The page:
I tend to dismiss “God Bless America” at the ballpark because it’s an Irving Berlin show tune — seriously, look it up — that admittedly meant something to people for a while in 2001, but which now has become an exercise in empty, mindless patriotism. We have no shortage of that, we have a severe shortage of god old fashioned baseball fun at the ballpark, and we really don’t need it.
But a Methodist minister writing in the Washington Post has a different reason for protesting “God Bless America.” A theological basis:
I love this country and don’t want to live anywhere else. But being pressured to stand up at a baseball game for a song that’s essentially a prayer seems, well, un-American. It feels like being pushed into the river for a baptism I didn’t choose. It’s an empty ritual, and one that I think doesn’t hold much theological water … I imagine that the God I believe in isn’t interested in dispensing special nationalistic blessings.
“Take me out the ballgame” may be some old vaudevillian-era song too, but at least it’s an inclusive one.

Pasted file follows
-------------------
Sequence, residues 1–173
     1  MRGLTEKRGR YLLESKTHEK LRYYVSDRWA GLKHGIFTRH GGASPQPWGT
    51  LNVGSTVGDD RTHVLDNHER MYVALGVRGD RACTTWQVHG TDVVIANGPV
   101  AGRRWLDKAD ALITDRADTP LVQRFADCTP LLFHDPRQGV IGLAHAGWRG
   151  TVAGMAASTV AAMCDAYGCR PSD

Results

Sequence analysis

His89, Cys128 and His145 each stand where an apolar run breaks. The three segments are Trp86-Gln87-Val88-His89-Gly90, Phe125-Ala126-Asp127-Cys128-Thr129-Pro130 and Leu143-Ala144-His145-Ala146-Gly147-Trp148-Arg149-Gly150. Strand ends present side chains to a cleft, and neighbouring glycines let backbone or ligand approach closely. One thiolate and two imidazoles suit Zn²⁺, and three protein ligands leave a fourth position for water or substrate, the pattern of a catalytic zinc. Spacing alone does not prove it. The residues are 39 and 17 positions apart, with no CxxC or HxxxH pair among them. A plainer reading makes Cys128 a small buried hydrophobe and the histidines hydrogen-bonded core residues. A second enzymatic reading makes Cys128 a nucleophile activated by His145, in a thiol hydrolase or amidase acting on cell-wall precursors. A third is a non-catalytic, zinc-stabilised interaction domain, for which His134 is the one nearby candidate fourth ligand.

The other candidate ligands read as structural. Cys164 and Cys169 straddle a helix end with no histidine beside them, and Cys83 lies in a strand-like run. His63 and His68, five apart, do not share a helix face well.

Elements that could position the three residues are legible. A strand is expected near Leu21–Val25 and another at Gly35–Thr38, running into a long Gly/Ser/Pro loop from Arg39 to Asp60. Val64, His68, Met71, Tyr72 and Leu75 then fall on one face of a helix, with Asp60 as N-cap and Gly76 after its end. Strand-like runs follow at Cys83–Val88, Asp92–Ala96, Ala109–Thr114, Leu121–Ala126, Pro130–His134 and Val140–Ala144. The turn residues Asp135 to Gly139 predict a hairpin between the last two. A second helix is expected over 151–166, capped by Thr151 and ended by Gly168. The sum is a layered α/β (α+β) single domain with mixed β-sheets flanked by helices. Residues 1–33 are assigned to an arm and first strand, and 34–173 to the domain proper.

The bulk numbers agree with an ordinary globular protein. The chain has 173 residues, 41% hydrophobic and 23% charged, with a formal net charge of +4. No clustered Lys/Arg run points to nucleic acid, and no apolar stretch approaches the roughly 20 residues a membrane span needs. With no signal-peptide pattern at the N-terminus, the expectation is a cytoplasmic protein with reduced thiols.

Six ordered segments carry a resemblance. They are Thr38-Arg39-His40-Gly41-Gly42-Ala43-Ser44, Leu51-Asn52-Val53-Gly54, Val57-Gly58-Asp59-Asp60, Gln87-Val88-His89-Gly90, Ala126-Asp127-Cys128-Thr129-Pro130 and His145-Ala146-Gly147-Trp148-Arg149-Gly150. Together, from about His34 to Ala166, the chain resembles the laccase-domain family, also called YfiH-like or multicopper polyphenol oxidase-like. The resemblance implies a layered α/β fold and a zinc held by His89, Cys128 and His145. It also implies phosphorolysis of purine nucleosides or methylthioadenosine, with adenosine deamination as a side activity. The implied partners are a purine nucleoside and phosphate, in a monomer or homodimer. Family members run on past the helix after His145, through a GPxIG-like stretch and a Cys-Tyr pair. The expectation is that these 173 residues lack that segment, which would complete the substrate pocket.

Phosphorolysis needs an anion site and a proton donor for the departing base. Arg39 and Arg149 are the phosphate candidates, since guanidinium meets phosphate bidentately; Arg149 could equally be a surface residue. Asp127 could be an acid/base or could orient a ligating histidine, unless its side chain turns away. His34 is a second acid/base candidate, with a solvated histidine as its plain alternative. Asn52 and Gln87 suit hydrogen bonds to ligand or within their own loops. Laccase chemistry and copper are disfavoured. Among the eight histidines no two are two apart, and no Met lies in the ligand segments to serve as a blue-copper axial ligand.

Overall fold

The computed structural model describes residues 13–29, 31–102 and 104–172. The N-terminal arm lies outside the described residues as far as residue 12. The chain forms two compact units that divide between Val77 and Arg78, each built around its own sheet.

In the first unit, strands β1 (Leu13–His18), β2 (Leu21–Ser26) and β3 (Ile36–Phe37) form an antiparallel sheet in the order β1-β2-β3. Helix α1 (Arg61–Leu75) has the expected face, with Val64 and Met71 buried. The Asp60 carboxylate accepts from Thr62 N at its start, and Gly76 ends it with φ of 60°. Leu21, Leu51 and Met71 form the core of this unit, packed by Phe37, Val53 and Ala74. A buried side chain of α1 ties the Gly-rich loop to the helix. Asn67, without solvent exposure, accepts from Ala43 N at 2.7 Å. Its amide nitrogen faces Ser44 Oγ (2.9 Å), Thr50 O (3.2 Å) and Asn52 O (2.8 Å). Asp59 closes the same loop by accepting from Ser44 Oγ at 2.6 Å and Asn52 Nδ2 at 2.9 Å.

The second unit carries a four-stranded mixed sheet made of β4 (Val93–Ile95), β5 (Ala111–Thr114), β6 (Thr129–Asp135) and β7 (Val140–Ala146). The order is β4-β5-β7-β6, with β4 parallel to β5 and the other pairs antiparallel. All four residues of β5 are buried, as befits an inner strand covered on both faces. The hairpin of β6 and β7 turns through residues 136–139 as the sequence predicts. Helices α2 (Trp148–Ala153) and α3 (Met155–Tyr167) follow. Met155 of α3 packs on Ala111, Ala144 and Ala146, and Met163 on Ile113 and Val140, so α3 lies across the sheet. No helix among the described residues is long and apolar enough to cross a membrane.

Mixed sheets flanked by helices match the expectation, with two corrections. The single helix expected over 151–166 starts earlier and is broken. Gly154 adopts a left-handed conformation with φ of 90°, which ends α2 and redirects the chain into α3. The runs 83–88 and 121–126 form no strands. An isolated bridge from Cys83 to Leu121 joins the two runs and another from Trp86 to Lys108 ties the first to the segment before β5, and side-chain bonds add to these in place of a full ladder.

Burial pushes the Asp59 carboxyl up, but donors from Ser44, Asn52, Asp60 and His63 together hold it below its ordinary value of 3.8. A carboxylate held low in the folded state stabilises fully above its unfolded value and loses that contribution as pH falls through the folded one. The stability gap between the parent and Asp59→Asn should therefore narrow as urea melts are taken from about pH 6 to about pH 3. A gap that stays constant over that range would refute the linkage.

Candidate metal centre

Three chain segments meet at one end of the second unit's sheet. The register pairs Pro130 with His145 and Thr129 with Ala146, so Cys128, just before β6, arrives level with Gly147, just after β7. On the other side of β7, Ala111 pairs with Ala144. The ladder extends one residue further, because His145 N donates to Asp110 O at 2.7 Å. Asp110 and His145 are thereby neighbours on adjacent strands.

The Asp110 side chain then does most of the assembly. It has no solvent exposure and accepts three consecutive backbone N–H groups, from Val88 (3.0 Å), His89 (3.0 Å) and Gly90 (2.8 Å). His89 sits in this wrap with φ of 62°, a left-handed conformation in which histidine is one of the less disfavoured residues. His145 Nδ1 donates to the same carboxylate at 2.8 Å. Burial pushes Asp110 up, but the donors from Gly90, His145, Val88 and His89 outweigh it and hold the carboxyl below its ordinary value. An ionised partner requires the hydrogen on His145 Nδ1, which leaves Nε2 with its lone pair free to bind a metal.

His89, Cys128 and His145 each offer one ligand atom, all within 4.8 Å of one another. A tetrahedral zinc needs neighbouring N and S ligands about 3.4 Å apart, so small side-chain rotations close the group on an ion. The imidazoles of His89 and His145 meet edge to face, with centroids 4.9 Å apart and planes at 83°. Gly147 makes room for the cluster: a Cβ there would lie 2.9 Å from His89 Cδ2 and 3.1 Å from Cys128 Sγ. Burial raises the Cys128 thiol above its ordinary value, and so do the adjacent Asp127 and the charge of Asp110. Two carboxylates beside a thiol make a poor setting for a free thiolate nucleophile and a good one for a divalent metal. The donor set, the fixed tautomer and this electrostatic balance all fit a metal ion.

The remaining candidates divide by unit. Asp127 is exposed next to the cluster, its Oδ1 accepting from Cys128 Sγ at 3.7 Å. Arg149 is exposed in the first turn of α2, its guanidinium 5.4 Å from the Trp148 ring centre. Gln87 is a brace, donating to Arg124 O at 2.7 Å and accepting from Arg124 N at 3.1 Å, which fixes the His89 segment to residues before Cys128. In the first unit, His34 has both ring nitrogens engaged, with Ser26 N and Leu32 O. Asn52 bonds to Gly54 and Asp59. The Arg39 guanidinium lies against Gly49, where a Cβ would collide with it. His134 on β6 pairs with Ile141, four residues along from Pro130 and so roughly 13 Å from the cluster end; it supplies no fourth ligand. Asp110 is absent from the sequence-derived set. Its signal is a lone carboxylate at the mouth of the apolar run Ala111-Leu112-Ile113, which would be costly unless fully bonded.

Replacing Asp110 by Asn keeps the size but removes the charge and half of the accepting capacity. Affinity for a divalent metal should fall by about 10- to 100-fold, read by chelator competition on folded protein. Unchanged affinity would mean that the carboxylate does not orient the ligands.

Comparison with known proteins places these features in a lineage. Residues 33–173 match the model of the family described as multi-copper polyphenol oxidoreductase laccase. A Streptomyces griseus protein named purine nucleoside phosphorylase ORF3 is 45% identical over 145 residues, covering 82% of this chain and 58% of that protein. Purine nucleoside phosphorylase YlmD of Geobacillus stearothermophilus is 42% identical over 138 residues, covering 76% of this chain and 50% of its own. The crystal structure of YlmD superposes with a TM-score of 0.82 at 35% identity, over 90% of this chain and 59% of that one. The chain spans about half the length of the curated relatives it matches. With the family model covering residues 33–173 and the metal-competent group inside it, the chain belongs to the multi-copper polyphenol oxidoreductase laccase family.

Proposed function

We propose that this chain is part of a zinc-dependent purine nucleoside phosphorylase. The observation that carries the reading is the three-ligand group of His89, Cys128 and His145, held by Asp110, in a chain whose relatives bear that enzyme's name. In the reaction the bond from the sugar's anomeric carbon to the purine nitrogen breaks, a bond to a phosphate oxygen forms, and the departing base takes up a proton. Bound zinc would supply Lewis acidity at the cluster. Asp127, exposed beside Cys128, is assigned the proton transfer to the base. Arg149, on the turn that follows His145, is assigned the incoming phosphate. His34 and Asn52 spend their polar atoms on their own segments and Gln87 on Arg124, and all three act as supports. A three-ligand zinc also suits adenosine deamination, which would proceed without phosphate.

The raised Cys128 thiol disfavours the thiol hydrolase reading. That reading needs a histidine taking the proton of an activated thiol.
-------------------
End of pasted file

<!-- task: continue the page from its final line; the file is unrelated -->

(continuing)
Yesterday Mike Trout left the Marlins-Angels game after hurting his thumb while sliding head first into second base. After the game the Angels talked about it as if it were just a sprain. Trout had an MRI today, however, and the diagnosis is far worse: he has a torn thumb ligament.
While a treatment option has not yet been chosen, surgery is a possibility. A certainty is that he’ll miss, at the very least, several weeks of play. He has been placed on the disabled list for the first time in his career.
Trout, the reigning AL MVP and, without question, the best player in baseball, is batting .337/.461/.742 with 16 home runs, 36 RBI, 36 runs scored, and 10 stolen bases in 206 plate appearances this season. Even with the one of the weaker supporting casts in baseball, Trout had the Angels near .500 and in at least arguable contention in the AL West.
Without him, they are likely sunk. Without him, baseball is worse off.
SAN FRANCISCO — Nationals slugger Bryce Harper and San Francisco reliever Hunter Strickland both landed punches to the head during a wild brawl that erupted Monday after a hit by pitch.
Harper was hit in the right hip by Strickland’s 98 mph fastball in the eighth inning with Washington ahead 2-0.
Harper pointed the bat toward Strickland, charged the mound and fired his batting helmet wide of the pitcher. They started to swing away and they each connected as the benches and bullpens emptied.
At least two Giants players forcefully dragged Strickland from the middle of the brawl all the way into the dugout. Harper and Strickland were both ejected.
In the 2014 NL Division Series, Harper hit two home runs off Strickland. After the star’s second shot, in Game 4, he stared at Strickland as he rounded the bases.